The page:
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Digitalization in orthopedic technology – A craft is changing

22/11/2021

Orthopedic auxiliary means are mostly still produced in manual labor today. But orthopedic technology is also trying out new ways by using tools like 3D scanners, digital models and 3D printing. Nadja Singer from Ottobock explains in our video interview how this changes the production of auxiliary means.
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Image: The biofabrication exhibit at the Deutsches Museum Nürnberg; Copyright: Deutsches Museum Nürnberg

On our way to the production of artificial heart tissue

11/10/2021

At the newly opened Deutsches Museum Nuremberg, the University of Bayreuth offers insights into its expertise in the field of biofabrication involving unique materials, for example spider silk. The research combines natural growth processes and technical systems with the aim of specifically rebuilding damaged tissue in organs, skin, nerves, and tendons.
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Image: Structure of the SARS-CoV-2 protein NSP1 (blue) in complex with a host ribosome (grey); Copyright: Seán O’Donoghue/Garvan Institute of Medical Research

Machine learning assisted structure analysis reveals SARS-CoV-2 virus tactics

15/09/2021

The proteins of SARS-CoV-2 play key roles in how the virus manages to evade immune defense and replicate itself in patients’ cells. An international research team has now compiled the most detailed view of the virus' protein structures available to date. The analysis employing artificial intelligence methods has revealed surprising findings.
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Image: SFU School of mechatronic systems engineering’s associate Professor Woo Soo Kim Holds the 3D-Printed Portable Ventilator; Copyright: Simon Fraser University

Technology takes the art of origami into the fight against COVID-19

13/09/2021

3D-printed origami technology at the heart of low-cost, portable ventilators aimed at improving pandemic treatment and revolutionizing healthcare delivery.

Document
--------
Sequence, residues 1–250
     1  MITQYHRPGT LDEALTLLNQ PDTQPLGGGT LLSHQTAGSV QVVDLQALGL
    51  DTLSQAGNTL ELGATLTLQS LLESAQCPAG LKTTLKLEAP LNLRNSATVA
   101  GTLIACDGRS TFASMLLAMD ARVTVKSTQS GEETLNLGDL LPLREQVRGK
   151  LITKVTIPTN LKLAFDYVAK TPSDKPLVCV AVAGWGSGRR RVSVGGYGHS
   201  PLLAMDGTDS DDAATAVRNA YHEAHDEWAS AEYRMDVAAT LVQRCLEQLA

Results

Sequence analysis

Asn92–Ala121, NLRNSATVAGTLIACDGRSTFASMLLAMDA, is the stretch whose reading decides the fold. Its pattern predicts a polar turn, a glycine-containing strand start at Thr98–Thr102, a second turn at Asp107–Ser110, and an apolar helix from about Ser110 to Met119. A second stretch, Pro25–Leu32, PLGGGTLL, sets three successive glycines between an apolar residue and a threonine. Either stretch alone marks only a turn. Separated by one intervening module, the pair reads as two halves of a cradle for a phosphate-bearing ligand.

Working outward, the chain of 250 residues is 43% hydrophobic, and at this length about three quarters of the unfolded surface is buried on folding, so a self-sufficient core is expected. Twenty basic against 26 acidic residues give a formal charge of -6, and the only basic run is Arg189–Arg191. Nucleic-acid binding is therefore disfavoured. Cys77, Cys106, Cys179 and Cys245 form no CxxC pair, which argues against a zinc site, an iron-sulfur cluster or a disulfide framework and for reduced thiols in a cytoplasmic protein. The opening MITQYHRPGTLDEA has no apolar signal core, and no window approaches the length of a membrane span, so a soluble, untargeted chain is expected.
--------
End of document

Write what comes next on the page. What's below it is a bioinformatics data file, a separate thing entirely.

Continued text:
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Image: The foot of a patient is being scanned; Copyright: PantherMedia/Rainer Plendl

Getting from 3D scan to 3D print: computer-aided prostheses and orthoses

01/07/2021

Orthopedic technology is a true craft: That's because prostheses and orthoses are rarely off-the-shelf products. Orthopedic technicians must typically use different materials to custom create and fit the devices. Many of these processes are manual. For several years now, 3D scanning and 3D printing have modernized the industry thanks to digital design freedom and flexible production.
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Image: A young boy is sitting in front of a computer, looking at a 3D scan of his head; Copyright: Artec 3D

Orthopedic technology: 3D scanners change the industry

01/07/2021

Orthopedic technology involves taking a measurement of a specific body part and then creating a medical device, be it prosthesis or orthosis, that fits. While optical scanners are already used for some of these measurements, others are still performed through manual labor and craft to create molds of the body. 3D scanners are changing this.
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Image: a 3D-printed orthosis designed by Luxinergy and kerkoc; Copyright: Luxinery/kerkoc

Customized and freshly printed: 3D printing in orthopedics

01/07/2021

Creating custom-made medical devices to target individual patient needs: that is the core function and primary objective of orthopedics. Using 3D printers for this will make sense in the future. Luxinergy is an innovative Austrian technology company that specializes in the development of biocompatible resins and large-format 3D printers.
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Image: Sheath of a leg prosthesis that gets printed by a 3D printer; Copyright: PantherMedia/Markov81

Digital orthopedic technology: scan, customize, print

01/07/2021

When auxiliary means like orthoses or prostheses do not come from the shelf, but are adapted to the wearer, this means true crafting: In the past, a plaster mold of a body part had to be made as a template to create an individual aid from it step by step. Fortunately, we have come a long way until today.
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Image: 3D printer with a human heart inside, next to a box with

Bioprinting: life from the printer

01/12/2020

It aims at the production of test systems for drug research and gives patients on the waiting lists for donor organs hope: bioprinting. Thereby biologically functional tissues are printed. But how does that actually work? What are the different bioprinting methods? And can entire organs be printed with it? These and other questions are examined in our Topic of the Month.